So “The Chain,” from that album, is a product of five people who kind of love each other, but kind of hate each other, and do great work even as they squabble among themselves. Not hard to see how that has a place in Guardians of the Galaxy Vol. 2. (All the movie leaves out is all the cocaine that fueled the Rumours recording sessions.)
In fact, “The Chain” was written in an even more haphazard manner than most of the band’s songs, with sections of the tune drawn from ideas and other compositions. Some of the final version was literally cut and taped together from portions of other songs. Buckingham told Rolling Stone in 1977, “We ended up calling it 'The Chain' because it was a bunch of pieces."
Recently, Gunn told the same magazine that the song is “about the Guardians, at least in the way we use it, and we use it a couple of times in the movie.”
Side note: For some great history of Fleetwood Mac’s formation and evolution, check out Dave Grohl’s documentary Sound City. The film profiles the LA recording studio of the same name, which is where the 1975 Fleetwood Mac album was recorded after Buckingham and Nicks signed on. In chronicling the studio, the film becomes a sort of stealth history of some of the band’s most important days.
This one is total cheese, a prime example of heart-on-sleeve AM radio gold. It also boasts slick production that highlights the main melody and deploys horn flourishes and backup vocals like nets to snare any listener.
The band Looking Glass was a New Jersey combo, but the song really broke out in the Baltimore and Washington, DC area. Just as with “Lake Shore Drive,” rigorous local promotion helped the song catch on in the Maryland region — the difference is that from there, “Brandy” was launched to national success, ultimately topping the Billboard Hot 100 chart.
“Brandy (You’re a Fine Girl)” is a key part of Star-Lord and Ego’s story. The hero’s father relates his own journey through the cosmos, and his love for Star-Lord’s mother, to the story told in the song’s lyrics. It’s almost like Ego uses the song, which tells of a sailor who likes this girl Brandy a lot but ultimately is *really* in love with the sea, as justification for bailing on Peter’s mum. We’ll let you see how the film plays out to see how that one goes.
This song being a key part of a movie like Guardians represents the Looking Glass story coming full circle in a way. Singer/songwriter Elliot Lurie left music to work as an exec in the music department at 20th Century Fox, continuing his Hollywood career as a music supervisor. Independent of Lurie’s work, this song has had a long life in media, showing up in movies and TV, being covered by other bands and inspiring more artists.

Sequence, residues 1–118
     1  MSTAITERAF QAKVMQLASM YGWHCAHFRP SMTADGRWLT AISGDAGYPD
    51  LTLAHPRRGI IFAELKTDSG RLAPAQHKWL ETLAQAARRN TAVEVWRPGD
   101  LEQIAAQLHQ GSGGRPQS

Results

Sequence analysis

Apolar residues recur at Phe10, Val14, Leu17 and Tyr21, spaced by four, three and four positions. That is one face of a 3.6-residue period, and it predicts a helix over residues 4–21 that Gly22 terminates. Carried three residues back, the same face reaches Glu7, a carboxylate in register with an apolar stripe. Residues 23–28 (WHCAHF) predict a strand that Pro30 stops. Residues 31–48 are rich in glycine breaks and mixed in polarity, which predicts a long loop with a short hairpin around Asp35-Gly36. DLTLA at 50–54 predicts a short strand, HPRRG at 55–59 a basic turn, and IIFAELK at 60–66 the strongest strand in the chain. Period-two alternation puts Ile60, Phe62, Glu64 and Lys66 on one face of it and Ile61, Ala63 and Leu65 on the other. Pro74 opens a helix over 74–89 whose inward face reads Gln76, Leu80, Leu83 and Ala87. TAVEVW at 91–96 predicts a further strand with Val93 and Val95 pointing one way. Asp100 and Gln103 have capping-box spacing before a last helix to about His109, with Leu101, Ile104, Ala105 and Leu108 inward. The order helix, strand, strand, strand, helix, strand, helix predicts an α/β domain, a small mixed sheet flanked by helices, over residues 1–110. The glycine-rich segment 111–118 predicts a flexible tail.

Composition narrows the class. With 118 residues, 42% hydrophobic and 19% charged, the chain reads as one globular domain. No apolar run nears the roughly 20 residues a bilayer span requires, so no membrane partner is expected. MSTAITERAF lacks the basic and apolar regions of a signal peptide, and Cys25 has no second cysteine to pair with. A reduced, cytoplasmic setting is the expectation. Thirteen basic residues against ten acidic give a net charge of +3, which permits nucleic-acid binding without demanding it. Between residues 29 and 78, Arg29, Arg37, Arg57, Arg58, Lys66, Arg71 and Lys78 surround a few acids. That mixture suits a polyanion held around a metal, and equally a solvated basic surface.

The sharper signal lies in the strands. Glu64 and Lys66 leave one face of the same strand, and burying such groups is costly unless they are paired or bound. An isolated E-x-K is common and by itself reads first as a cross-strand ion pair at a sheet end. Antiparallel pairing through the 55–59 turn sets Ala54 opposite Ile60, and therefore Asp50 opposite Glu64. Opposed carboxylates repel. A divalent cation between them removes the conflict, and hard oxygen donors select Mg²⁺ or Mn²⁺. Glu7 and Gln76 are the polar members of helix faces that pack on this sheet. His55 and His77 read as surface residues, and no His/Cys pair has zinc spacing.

Side note: Barry Manilow’s massive hit "Mandy" was a cover of a UK song called "Brandy" that was written around the same time that "Brandy (You're a Fine Girl") was a hit. Manilow changed the title and lyric for his tune to avoid any confusion with the song by Looking Glass.
There are two types of people: Those lucky few who already know this song and will be thrilled to hear it in the context of a movie like Guardians of the Galaxy Vol. 2, and those who are about to become big fans of this kitschy, totally catchy single. (Gunn was in the latter group, until a fan recommended the song for this movie.)
There’s a fitting aspect of genre clash here. Vol 2. shows Gunn tweaking the Marvel model to fit a bizarre family dynamic into the established tentpole framework. The band Silver was mostly a country band, but needed a hit. Their label threw this tune, written by Rick Giles, at the group. The recorded result isn’t a country song at all, but it has the sort of indefinable crossover quality that makes it seem at home in a few different radio formats.
So “Wham Bam” became a minor hit, with big success again in the Chicago area. Nationally it ended up at No. 70 on the Billboard Hot 100 for 1976, just one spot below “Evil Woman” by ELO, and 14 spots down from No. 56, Elvin Bishop’s “Fooled Around and Fell in Love,” another Guardians soundtrack tune. There's some kind of cosmic connection there. I'll quit wondering how this song has never been put to use by other filmmakers in the past (Tarantino was asleep at the switch here) and be happy I get to enjoy it now.
Side note: The cover for Silver’s only record was designed by the same artist who did work for bands like Poco and America, and most notably the cover for Aja by Steely Dan, and the ‘70s logo for Crosby Stills & Nash. Who's the artist? You might know him from shows such as The Simpsons, or The Pee-Wee Herman Show. The late Phil Hartman, a supreme comedian and voice actor, created the Silver cover art, as well as the others mentioned above, before his acting career took off.
So, what did we leave out? I hate to skip over Sam Cooke, but everyone should already know his work. (Pick up his astounding Live At The Harlem Square Club album if you don’t have it.)
Parliament is equally great, but equally well-known, and while I love Sweet and the track “Fox on the Run,” that song only appears in the trailer. (And we’ve talked about it here.) "Surrender" by Cheap Trick is an all-time favorite, and the "Mommy's alright, daddy's alright, we just seem a little weird" lyric is perfect for Guardians, but I'd rather let that song live as a rock gem all on its own.